Is There a Fossil on Your Tongue?

Rob Kyff on

Have you ever wondered why "bravado" means a FALSE sense of courage?

"Bravado" is a linguistic fossil. It retains an old meaning of "brave" that vanished long ago: PRETENDING to be brave. Like a fossilized dinosaur bone, "bravado" provides hard evidence that a now-extinct meaning of "brave" once roamed the Earth.

Let's monitor the thoughts of the "renouned" linguistic paleontologist U. Stew Mean as he examines other fossil words...

-- mincemeat pie -- Hmmm... This pie contains no meat, but instead a mixture of dried fruit, nuts and spices.

Perhaps "meat" used to mean any kind of food or nourishment, not just the flesh of an animal. After all, the biblical phrase "meat and drink" means "food and drink." That's it!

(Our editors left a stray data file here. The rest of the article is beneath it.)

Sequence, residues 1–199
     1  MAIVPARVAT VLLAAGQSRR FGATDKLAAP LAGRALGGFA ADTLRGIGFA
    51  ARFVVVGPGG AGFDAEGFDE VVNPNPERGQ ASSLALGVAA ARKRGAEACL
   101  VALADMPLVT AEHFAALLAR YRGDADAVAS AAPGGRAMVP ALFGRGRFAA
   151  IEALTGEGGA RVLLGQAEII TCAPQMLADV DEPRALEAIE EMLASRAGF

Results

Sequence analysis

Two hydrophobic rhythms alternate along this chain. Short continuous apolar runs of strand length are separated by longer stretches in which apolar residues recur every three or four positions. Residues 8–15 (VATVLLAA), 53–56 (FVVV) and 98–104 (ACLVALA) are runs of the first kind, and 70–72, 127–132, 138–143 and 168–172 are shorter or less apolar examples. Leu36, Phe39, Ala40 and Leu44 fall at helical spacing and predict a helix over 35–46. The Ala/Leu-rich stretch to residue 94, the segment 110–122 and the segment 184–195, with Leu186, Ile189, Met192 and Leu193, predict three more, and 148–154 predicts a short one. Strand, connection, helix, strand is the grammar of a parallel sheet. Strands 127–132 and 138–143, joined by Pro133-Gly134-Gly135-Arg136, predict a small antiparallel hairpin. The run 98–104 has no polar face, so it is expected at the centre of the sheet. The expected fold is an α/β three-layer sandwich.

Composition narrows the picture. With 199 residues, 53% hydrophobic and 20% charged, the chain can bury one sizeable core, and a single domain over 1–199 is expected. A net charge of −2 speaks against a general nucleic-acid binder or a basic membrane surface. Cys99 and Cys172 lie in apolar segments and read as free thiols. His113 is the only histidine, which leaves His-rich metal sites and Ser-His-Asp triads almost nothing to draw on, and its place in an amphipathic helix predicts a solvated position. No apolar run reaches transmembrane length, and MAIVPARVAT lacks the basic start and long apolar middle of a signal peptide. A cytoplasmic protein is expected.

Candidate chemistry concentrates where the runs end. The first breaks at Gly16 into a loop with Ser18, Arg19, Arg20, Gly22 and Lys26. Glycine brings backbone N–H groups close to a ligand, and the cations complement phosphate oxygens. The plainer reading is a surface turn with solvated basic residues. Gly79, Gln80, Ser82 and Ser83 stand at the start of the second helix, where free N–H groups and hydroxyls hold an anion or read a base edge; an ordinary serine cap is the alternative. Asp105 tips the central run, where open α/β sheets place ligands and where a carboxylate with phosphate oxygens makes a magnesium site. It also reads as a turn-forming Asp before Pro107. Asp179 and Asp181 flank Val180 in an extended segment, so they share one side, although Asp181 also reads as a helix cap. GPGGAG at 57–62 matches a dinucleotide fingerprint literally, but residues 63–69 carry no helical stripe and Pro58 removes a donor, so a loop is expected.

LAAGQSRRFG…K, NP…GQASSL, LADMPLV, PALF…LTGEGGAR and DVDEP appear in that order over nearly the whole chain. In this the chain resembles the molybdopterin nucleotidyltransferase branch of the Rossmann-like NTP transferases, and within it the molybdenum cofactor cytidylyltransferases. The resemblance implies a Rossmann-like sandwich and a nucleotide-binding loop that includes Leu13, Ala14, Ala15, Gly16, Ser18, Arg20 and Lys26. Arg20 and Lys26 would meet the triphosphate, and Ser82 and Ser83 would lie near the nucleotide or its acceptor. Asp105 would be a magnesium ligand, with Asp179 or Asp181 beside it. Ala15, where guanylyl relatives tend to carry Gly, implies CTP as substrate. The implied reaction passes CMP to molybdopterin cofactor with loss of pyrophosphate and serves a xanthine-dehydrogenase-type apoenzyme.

-- farm team -- That baseball farm team might be digging out hard-hit grounders, but it's not cultivating the earth. It's a sports team owned or controlled by a larger entity.


Maybe "farm" once meant to lease the rights or use of something, such as land, in exchange for a fee. After all, we still speak of "farming out" work or business to others. Bingo!

-- keep at bay -- Hmmm... One meaning of the verb "bay" is "to bark," e.g., dogs "bay" at the moon. Thus, when we fend off attacking dogs or other dangers, we're keeping them "at bay" so they're barking (baying) instead of biting.

-- deer fly -- This pesky pest bites not only deer, but a wide variety of animals, including humans. Ouch!

Perhaps "deer" once meant any kind of animal. Shakespeare, for instance, referred to "mice and rats, and such small deer." Bullseye!


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